27 June 2013

Levada do Norte

The Levada do Norte is not for the faint-hearted. One of the longest in Madeira, it starts in the hydroelectric power plant of Serra de Água and snakes along the middle of the thousand-meter vertical rock wall rising above the left margin of the Ribeira Brava stream, crossing several tunnels and vertiginous precipices, before reaching Boa Morte and entering in a more relaxed and man-made landscape. Five or six years ago, I was feeling courageous enough to attempt it. And so I did. But it was a scary experience (although with lovely vistas). And I'm not a person, normally, scared with heights. But the section of this levada passing right above the village of Serra de Água is enough to make (even for the bravest of "levadeiros") us think twice. It's the verticality, it's the exposure, it's the height above the far, far... away ground. If it's difficult for us, nowadays, to walk through, one can only imagine how hard it was to build, sixty years ago. Those were brave people. No doubt about that.
Well, I did it once. And, for the time being, once was enough.
However, I was missing it. And so, a few weeks ago, I decided to repeat part of it. Just a small section. Between Boa-Morte and the small village of Espigão.
With a length of 8 kilometres (sixteen in total, if you plan to return back by the same way), it's a good introduction to this levada and to the fabulous landscapes we can see along it. And you can always drink a beer or a coffee, at the beginning and at the end of the walk in the nearby friendly bar "O Pinheiro".
A sign plate, near Boa Morte, orients you to the Levada do Norte. Eastwards, it runs thru a humanized landscape of agriculture fields and small villages to Quinta Grande and beyond. On the other direction, Westwards, if you like strong emotions, the Levada do Norte will take you to its birth place, near the Serra de Água hydroelectric power plant, and after a walk along one of Madeira's most dramatic geological formations: the Ribeira Brava valley.
From Campanário and Câmara de Lobos to Boa Morte, the Levada do Norte mostly traverses a bucolic landscape of agriculture fields and small human settlements. A strong contrast with the more isolated, exposed and dangerous section laying upstream.
The small village of Eira do Mourão, one of the most remote in Madeira and once only acessible by a two hour long staircase walk, starting in the Ribeira Brava basin, stands isolated on top of a rocky ridge, high on the left margin of Ribeira Brava valley. Picture made from the nearby-passing Levada do Norte.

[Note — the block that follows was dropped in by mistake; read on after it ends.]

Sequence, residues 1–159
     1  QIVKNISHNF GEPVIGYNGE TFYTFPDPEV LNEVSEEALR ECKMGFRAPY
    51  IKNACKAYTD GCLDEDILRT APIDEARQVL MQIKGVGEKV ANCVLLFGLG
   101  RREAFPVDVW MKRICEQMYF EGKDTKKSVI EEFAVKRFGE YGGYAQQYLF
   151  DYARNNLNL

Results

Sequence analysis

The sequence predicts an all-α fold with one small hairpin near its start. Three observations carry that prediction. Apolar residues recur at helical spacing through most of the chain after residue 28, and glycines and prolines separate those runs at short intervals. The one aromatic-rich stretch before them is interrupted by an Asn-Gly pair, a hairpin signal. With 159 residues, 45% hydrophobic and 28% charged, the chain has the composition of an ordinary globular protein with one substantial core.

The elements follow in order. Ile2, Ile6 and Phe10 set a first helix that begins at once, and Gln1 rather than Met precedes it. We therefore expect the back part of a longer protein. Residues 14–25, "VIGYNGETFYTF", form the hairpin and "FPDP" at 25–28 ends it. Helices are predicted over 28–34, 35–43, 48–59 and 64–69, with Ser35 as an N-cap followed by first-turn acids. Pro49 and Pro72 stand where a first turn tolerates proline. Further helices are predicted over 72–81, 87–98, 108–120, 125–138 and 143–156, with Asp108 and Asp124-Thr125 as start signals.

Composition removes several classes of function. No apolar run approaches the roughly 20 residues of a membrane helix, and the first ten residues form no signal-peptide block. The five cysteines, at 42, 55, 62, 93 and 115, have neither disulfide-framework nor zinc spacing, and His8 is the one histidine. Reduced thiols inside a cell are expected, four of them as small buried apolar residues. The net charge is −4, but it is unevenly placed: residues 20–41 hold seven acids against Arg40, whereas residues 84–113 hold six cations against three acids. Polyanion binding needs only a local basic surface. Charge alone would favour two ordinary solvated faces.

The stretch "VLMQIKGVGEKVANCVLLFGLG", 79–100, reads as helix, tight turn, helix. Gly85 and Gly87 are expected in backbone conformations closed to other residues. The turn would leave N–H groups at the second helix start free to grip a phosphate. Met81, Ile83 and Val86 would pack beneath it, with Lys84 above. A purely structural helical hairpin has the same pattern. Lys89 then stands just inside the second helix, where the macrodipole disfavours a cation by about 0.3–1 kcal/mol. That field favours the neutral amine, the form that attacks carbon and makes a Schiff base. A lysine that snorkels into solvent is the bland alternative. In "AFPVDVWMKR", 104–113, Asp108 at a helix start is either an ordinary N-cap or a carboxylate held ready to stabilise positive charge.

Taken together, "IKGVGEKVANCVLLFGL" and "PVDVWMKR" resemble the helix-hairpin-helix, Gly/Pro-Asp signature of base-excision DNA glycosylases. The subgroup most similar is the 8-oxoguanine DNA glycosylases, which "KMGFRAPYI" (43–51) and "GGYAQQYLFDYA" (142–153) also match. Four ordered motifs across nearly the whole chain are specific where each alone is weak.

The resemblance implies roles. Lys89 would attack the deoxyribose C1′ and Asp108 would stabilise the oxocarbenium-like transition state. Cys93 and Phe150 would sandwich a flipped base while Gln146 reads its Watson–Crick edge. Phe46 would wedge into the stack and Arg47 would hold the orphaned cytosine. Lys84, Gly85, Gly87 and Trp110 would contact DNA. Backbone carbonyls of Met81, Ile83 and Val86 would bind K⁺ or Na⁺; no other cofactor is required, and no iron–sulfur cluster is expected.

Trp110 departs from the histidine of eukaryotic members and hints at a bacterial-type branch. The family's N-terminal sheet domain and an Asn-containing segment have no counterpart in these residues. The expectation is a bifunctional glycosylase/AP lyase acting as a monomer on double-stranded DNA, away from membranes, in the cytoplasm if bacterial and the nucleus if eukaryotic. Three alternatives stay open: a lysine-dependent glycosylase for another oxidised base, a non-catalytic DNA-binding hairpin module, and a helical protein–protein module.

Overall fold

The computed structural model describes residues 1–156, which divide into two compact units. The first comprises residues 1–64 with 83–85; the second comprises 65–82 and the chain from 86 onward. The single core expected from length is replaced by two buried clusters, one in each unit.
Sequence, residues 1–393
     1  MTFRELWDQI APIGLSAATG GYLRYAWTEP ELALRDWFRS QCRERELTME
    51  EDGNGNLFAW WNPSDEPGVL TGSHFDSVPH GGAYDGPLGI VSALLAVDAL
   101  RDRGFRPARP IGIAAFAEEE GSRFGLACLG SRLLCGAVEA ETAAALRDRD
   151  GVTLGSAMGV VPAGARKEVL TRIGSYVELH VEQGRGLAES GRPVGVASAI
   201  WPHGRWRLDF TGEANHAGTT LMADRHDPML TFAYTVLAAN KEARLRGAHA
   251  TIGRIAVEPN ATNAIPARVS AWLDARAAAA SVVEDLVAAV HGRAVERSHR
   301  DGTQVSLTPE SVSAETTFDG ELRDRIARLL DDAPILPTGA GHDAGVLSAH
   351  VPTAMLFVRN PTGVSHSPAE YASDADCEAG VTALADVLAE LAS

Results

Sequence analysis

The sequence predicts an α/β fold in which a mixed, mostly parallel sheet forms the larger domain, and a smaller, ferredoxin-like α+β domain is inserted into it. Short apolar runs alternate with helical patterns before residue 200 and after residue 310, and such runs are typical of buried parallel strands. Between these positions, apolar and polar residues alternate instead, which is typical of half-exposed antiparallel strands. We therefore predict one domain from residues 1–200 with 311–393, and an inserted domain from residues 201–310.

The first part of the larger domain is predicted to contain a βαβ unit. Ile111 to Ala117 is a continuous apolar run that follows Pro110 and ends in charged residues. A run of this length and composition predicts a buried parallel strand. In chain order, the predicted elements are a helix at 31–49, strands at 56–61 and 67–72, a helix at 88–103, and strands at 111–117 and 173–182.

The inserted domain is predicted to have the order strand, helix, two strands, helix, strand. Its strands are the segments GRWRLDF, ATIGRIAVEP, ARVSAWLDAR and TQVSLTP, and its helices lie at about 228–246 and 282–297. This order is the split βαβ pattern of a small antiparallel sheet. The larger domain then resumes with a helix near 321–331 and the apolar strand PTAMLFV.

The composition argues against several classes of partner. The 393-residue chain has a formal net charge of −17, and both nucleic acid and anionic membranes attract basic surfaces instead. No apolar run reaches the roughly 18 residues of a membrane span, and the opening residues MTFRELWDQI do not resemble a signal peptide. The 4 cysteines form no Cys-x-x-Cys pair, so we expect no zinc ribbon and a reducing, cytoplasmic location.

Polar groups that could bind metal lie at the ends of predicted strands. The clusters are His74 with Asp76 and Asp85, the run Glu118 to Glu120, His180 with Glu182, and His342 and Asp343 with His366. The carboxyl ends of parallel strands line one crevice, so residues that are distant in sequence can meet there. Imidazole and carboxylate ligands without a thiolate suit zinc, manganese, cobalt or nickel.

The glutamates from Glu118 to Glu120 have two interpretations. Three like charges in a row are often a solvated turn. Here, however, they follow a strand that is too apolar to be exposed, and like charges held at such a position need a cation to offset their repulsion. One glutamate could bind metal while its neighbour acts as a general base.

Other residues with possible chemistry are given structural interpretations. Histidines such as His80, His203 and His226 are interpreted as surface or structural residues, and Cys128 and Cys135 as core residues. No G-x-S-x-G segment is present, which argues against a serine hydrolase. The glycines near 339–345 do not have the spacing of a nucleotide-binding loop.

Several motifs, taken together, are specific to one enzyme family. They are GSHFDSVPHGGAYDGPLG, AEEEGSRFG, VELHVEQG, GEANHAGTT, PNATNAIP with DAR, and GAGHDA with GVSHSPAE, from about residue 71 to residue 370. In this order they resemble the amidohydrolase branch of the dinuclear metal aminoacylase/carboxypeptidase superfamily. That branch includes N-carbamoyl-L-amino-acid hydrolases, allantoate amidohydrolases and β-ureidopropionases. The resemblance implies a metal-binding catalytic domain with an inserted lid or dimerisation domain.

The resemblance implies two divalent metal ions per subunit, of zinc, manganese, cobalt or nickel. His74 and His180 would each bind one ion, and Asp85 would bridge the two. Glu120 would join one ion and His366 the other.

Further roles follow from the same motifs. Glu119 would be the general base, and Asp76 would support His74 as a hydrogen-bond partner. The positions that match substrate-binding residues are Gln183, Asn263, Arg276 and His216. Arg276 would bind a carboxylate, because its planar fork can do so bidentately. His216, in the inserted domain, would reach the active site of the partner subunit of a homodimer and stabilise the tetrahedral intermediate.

Pictures taken with Panasonic Lumix DMC-GH2 and cheap 14-42mm plastic kit lens. Post-processing in Adobe Photoshop Lightroom, ver. 4.1.

Starting the Levada do Norte from its source (near the Serra de Água hydro power plant) and our walk will be mostly under the canopy of a luxuriant forest. At least for the first miles. Until the village of Espigão there are also several tunnels to be crossed, the biggest of them all measuring a good 3 kilometres. Some of them are somewhat flooded. So be prepared for wet feet. And don't forget the torch light.
The most dramatic section of this very exposed levada is this one, right above the village of Serra de Água. In Winter time it's quite often impassable, due to the waterfalls that fall right on top of the levada channel. It's simply to dangerous.
In this picture made from the valley floor, near the Serra de Água village, you can have an idea of the exposure of this particular section. And how difficult it was, certainly, to be built.
A picture of this particular section, taken right from the track, a few years ago, during Spring time. You can still see the water falling right at the exit of the tunnel. The picture doesn't give justice to the exposure and verticality of the place.
The last four pictures were taken with a Nikon FM3A and a 28-105 Nikkor zoom lens. Fujichrome Velvia scanned in Nikon Coolscan V ED and post-processed in Adobe Photoshop Lightroom, ver. 4.1.

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